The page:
Dave lifted the phone for a comparison. While there had been some minute wear, the grave was the right one. And his final wish was his final wish. Technically. It was weird to think about, if he had to be entirely honest. Dave leaned Dove's slump body upon the gravestone, letting him read the text with his blurry eyes. Dave had taken to wearing Dove's car armor and mask. The armor would have been too stressful on his body, and the fact that Dave did not feel protected without the armor. That and the fact that there was already a rack designed onto the back plate to strap on Penny. Hard to tell if he acted out of convenience or security.

"I'll leave you two to have your final chat, alright?"

"Thank you… Dave." Answered Penny, as Dave walked off to find a suitable headstone.

A gruff hand adjusted the rudder. Did he feel guilty? Potentially, but he knew the kid wasn't doing that great when he first met him. His boots came to rest upon a crab cage. There were some things that you couldn't change. And somethings that you were just along for the ride. He had to wonder what happened to the settlement he came from, and if he was happy. Even when things suck, you have to find things to keep yourself going. At least, that's what he told himself. For the kids. Phillip Manger looked out to sea and poured out his canteen. "For you, Dove."

Rot found himself coming to the Wall lately. Looking out across the melting snow, wondering what happened to the not-templar. He had grown. They weren't really boys anymore, and he didn't feel like fear was required anymore. They stopped messing around with the cultists, and started actually doing things, like maintenance and farming. Nothing to be planted but having some of the boys plow instead of meander made changes in the boys. A chance to feel useful, for many of them. He still knew that they would have to wait for the snow to melt away, but even then, they would have a head start compared to last year. Hypothetically.

A finger tapped his shoulder. "Sup. Am I interrupting anything?" Asked the petite woman crouching next to him. Go, as the man had taken to calling her. It stuck.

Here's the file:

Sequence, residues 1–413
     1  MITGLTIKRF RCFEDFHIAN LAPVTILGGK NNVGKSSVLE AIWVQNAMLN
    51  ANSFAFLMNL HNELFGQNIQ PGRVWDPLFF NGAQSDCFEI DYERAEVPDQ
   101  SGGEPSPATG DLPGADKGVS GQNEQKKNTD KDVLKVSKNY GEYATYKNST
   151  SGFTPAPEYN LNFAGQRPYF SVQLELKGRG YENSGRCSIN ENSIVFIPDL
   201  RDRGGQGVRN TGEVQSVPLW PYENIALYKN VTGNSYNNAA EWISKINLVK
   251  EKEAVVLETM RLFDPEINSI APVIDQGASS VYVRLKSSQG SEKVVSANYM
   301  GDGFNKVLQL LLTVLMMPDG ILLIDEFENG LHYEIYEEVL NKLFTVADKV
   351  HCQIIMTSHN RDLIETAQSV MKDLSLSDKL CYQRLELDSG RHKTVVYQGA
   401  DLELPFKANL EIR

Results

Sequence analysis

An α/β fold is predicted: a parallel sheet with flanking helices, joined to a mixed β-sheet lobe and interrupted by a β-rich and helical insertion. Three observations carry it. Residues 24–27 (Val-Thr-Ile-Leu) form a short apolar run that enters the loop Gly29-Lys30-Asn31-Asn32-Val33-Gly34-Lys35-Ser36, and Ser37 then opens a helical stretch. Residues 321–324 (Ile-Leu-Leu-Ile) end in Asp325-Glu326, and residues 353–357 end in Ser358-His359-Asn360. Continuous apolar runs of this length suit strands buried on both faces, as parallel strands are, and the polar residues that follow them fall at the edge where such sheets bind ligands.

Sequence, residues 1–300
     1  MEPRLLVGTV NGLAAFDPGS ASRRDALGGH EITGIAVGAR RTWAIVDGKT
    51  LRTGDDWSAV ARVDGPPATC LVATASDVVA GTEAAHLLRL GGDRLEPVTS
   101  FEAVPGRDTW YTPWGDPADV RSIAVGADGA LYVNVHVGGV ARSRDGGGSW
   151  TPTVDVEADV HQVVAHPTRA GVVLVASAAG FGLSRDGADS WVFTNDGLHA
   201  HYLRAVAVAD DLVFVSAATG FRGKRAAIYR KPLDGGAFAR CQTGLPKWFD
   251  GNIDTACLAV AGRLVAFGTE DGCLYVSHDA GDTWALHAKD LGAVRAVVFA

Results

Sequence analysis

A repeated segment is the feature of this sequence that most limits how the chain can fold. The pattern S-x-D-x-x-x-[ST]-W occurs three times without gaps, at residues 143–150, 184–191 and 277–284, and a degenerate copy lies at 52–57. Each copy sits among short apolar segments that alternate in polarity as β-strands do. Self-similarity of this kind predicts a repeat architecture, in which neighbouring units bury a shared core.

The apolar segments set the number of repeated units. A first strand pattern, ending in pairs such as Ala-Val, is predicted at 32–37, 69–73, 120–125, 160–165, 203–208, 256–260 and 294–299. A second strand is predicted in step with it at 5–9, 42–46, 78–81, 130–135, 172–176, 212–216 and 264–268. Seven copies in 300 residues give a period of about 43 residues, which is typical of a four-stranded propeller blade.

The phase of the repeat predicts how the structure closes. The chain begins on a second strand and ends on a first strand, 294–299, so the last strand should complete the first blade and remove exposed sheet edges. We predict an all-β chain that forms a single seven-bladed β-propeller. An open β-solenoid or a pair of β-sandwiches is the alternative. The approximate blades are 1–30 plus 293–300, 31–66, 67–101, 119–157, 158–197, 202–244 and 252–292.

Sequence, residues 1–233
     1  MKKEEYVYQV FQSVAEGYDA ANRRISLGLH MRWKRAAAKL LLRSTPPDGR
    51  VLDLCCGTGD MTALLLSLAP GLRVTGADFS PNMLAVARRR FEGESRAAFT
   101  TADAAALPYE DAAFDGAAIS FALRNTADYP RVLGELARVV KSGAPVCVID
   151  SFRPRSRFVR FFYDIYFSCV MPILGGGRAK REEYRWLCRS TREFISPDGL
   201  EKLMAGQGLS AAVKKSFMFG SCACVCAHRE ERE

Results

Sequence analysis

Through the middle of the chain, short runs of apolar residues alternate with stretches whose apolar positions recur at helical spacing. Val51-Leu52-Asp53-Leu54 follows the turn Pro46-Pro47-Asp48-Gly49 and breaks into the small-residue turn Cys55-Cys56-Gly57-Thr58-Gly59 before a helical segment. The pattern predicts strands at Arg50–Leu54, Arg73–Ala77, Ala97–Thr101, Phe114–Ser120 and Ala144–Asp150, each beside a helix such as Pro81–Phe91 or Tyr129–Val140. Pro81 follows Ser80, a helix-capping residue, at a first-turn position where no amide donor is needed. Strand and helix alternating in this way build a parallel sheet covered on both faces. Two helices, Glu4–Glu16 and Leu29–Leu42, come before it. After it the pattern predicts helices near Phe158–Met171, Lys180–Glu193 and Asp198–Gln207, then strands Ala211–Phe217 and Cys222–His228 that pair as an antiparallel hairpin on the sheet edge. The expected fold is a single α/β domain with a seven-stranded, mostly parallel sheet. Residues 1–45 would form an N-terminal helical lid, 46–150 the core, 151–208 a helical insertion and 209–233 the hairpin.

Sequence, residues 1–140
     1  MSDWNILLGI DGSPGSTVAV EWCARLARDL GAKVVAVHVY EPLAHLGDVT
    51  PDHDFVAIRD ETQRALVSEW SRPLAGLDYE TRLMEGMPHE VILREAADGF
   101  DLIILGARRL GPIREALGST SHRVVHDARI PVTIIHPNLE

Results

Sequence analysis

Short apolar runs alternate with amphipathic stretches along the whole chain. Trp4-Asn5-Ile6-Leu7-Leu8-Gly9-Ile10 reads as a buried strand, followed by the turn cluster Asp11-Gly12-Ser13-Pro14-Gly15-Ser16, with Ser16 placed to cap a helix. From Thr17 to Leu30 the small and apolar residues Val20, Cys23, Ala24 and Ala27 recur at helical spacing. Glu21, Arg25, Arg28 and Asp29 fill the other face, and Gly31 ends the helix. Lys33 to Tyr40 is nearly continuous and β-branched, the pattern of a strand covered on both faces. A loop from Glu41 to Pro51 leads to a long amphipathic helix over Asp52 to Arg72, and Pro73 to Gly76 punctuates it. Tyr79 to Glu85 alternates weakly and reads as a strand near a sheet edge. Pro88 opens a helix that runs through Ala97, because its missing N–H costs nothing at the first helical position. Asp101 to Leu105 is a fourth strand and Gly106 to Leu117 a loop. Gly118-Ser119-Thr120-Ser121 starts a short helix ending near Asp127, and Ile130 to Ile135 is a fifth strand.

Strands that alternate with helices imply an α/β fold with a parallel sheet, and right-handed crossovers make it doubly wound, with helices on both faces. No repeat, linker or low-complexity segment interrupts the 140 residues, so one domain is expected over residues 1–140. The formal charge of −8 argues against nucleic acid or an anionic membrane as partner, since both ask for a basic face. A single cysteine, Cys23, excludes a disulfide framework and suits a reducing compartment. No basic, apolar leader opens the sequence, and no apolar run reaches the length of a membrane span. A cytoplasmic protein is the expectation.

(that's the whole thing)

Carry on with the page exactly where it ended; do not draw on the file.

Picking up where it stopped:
"Not really." Rot admitted. "Just thinking."

"Things really have changed."

"You know, it doesn't seem like it, but I guess things have."

She smiled at him. "No more fabled Wall, no more getting at each other's necks. Just two groups of shmucks trading with each other."


"Unofficially, of course." She rolled her eyes. She had nice hazel eyes. "Noticed you got another tally."

Rot took off his helmet and rubbed the etched visor. "Yep, number eight. Was a bit of a challenge, but, sometimes, it's not that bad to ask for help."

"Lose anyone?"

"Thankfully, not this time."

"Noticed you still wear the mask."

Rot slid off the templar's mask. "Of course. Have to flaunt something over you, you know?"

"Of course, how could I forget." Drawled Go. "Our glorious leader Rot, cannot fail, and must always be the winner."

"And don't forget it."

"Yeah, yeah, sure."

The cold wind gently drifted over the hills. While normally biting, it was a comfort of sorts before it said farewell for spring. "So, what brought you up here?"

She thought for a moment before speaking. "I get tired of the crazies sometimes, and this just sort of ended up as where I go in these times."

"I get it." Comforted Rot. "That's just how it is."

"Fervently praying is how it be sometimes. Wish I could get them to do something else."

"Tell me about it." Rot groaned. "I have enough trouble getting my boys to do anything at all."

"I thought they were shaping up?"

"Some are, but some others are…"

"Problem children?"


"Eh, give them some time. They'll come around."